Your shout: IR35, compliance, faddism

Computer Weekly readers have their say

Computer Weekly readers have their say

Scrap IR35 legislation to avert a skills crisis

I read Bill Goodwin’s article on the projected skills shortage (Computer Weekly, 11 April), with interest.

The fact of the matter is that this situation will continue to deteriorate until we have no software industry left. The problem is that the government has slapped the IR35 intermediaries legislation on contractors, thus killing off the seed corn from which experienced IT managers grow.

We are now four years or so down the line, during which time good IT personnel have gone abroad or just stayed in their positions in which the entrepreneurial flame is quenched. This situation will continue indefinitely, since the government is determined to continue to put the screws on the contractor market.

Training tax breaks will not be efficient in sorting this mess out. The only thing that is needed is experience, which is very costly to acquire. For instance, who will take the risk of being a contractor with the government feeding off the good times and giving nothing back in the bad times?

It is going to cost the government dear in the long term, to the tune of many billions of pounds. But by then the Conservatives will be back in power and the Labour leeches will be able to blame the Conservatives for the demise of our IT industry, since all the jobs will be exported to India, which by then will have raised its rates to match those of Europe or the US.

What the government ought to do is abolish IR35 and slap massive tax disincentives on the export of IT jobs. With the resurrection of the UK IT industry – with all the tax and other revenues that it will generate, the reduction of social security payments to out-of-work IT personnel and the funds raised from import taxes – the government will have far more money to spend on its pet projects.

Rupert Stanley, Ross Systems International

 

Compliance challenges can put IT in the limelight

The security aspect of compliance poses a very real challenge to IT directors, as outlined in your article (“Compliance quandary”, Computer Weekly, 25 April). 

Equally, it obliges them to become proficient in some elements of the law, as highlighted with the BCS’ new foundation certificate in IT law. 

Regulatory mandates such as Sarbanes-Oxley and Basel 2 have brought increased demands on data protection efforts and non-compliance exposes firms to financial penalties and litigation.

Many companies are unsure how to store data and exactly what they should keep in order to comply. The IT department is under pressure from the business to reduce the cost per gigabyte of stored data, while still having to ensure near 100% recoverability.

With the explosion in volume of data, the implementation of service level agreements and the requirements of new regulations, the role of the IT professional has become even more challenging. But we should welcome these challenges as they affirm the position of the IT professional in the boardroom and ultimately make the job more satisfying.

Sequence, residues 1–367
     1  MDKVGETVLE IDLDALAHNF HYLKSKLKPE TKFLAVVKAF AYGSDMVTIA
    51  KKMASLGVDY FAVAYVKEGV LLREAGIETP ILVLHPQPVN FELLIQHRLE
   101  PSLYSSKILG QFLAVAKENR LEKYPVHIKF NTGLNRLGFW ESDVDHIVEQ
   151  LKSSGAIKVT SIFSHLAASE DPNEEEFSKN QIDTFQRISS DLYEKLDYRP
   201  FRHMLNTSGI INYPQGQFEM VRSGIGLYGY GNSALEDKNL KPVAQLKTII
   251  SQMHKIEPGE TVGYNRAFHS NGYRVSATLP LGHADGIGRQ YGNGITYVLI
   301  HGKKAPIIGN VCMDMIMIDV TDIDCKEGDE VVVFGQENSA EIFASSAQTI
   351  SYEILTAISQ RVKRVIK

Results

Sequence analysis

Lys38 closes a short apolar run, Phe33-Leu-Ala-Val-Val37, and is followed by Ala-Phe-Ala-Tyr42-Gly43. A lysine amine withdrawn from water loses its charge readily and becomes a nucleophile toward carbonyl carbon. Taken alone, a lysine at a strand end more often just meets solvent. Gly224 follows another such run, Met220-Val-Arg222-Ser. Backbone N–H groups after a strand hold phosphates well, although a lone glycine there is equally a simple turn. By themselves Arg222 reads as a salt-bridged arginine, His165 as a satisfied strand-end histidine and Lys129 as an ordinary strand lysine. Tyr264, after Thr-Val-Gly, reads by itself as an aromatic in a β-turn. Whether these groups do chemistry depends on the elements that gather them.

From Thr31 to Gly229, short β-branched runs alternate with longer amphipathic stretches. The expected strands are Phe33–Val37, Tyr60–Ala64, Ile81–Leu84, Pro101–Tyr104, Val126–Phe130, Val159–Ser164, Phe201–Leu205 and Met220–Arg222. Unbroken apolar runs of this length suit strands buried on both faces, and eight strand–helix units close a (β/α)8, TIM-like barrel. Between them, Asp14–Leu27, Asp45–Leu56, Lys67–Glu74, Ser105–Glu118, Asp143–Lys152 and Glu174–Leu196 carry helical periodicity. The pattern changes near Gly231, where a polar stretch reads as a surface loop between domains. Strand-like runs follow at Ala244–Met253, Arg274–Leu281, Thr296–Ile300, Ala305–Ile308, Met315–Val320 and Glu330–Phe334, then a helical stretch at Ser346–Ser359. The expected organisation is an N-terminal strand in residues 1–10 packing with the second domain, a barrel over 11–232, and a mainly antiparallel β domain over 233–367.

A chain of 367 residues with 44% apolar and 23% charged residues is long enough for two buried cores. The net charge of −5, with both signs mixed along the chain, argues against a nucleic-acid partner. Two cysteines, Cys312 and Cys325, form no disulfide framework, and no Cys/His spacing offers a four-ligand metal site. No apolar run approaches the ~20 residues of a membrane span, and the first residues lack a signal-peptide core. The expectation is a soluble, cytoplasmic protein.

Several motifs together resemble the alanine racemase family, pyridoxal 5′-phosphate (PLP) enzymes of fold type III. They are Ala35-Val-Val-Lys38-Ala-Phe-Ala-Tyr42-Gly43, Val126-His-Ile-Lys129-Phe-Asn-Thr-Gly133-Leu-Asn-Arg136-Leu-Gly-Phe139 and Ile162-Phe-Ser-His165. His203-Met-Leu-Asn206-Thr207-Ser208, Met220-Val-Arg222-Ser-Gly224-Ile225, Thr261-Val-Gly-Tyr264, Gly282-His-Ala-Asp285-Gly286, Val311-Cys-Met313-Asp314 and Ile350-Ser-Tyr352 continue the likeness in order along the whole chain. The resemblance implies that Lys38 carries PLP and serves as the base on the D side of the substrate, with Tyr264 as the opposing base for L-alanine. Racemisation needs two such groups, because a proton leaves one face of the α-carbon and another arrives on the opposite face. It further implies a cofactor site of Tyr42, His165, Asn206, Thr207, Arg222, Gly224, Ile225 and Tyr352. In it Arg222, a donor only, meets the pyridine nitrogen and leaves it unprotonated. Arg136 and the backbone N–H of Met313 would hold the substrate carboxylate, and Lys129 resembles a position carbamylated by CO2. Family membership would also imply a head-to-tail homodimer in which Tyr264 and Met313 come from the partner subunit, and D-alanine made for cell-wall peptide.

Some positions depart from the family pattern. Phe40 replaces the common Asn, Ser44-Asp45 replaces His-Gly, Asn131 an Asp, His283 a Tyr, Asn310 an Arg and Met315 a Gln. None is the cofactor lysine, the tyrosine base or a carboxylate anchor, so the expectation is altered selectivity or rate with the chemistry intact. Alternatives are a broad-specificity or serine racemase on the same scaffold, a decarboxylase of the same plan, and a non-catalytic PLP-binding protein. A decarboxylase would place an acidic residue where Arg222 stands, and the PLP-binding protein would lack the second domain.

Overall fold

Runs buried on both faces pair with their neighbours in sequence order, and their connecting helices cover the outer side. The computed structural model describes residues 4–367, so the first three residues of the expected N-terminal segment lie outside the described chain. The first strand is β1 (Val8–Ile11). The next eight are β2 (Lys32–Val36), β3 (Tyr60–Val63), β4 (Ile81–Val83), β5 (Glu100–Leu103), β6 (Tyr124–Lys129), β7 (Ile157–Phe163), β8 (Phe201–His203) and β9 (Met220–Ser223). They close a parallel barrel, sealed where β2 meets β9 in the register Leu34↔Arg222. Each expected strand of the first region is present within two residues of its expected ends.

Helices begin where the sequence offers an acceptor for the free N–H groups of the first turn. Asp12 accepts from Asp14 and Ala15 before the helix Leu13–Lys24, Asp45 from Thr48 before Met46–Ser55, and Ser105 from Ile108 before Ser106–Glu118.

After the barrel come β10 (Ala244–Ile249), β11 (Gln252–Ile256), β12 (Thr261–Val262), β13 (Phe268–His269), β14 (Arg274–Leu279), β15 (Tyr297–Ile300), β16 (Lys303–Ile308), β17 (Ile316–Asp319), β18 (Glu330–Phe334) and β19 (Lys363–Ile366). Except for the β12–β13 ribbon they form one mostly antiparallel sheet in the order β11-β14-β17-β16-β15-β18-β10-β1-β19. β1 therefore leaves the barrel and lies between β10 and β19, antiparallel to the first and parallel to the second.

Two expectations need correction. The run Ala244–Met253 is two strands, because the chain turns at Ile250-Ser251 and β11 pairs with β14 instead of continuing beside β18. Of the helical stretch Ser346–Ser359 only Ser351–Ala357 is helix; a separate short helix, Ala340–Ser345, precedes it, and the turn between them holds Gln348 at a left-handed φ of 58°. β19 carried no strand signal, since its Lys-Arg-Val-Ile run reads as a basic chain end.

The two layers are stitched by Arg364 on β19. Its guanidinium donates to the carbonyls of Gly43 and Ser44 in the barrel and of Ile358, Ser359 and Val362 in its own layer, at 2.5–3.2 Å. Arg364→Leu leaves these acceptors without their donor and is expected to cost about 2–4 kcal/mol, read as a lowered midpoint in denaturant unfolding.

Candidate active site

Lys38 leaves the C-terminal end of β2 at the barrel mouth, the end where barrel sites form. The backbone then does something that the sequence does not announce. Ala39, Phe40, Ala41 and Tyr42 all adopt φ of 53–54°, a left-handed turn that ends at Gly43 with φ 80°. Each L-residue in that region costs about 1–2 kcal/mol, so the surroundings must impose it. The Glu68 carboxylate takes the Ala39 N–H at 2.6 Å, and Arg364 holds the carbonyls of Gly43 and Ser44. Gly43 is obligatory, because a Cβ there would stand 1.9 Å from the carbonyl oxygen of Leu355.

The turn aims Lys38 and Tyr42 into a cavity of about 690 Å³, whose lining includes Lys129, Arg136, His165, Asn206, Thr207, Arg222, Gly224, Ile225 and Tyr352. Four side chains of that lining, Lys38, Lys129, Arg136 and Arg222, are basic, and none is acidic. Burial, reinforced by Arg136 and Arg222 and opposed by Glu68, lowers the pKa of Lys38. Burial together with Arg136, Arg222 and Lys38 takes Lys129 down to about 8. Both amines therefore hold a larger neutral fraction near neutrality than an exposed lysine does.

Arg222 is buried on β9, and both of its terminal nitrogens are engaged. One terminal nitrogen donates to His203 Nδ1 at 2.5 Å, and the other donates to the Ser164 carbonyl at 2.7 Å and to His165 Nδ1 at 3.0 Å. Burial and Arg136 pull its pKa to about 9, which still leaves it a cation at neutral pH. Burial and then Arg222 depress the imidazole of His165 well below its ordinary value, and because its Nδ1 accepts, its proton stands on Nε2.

Drake Pruitt, Bocada

 

Firms must stop keeping up with the Joneses

How many organisations really have any idea of the true cost of ownership of new technologies that they implement? (“A third of firms ‘unable to calculate’ the cost of IT systems”, Computer Weekly, 25 April).

And just how much technology is being implemented without either a clear requirement or objective for return on investment?

Investing in technology on a “me too” basis makes no commercial sense. And yet it is becoming commonplace.

Technology underpins every facet of business today, with downtime or poor performance fundamentally compromising profitability. Yet despite the apparent maturity of the industry few companies have achieved any real understanding of how best to exploit IT to deliver business success.

Instead, organisations lurch from one technology implementation to another, with decisions based on a number of spurious demands with no one at any level prepared to take any real responsibility for ensuring the delivery of a tangible return on investment.

And once aboard this IT carousel it is near impossible to step off; organisations must consider how many “must have” investments will compromise rather than enable business; and at what cost.

In a technology-dependent economy, IT professionals must be prepared to undertake a vital role that combines technology innovation with business understanding. In short, isn’t it time to regain control over IT to achieve real business value?

Richard Barker, Sovereign Business Integration

 

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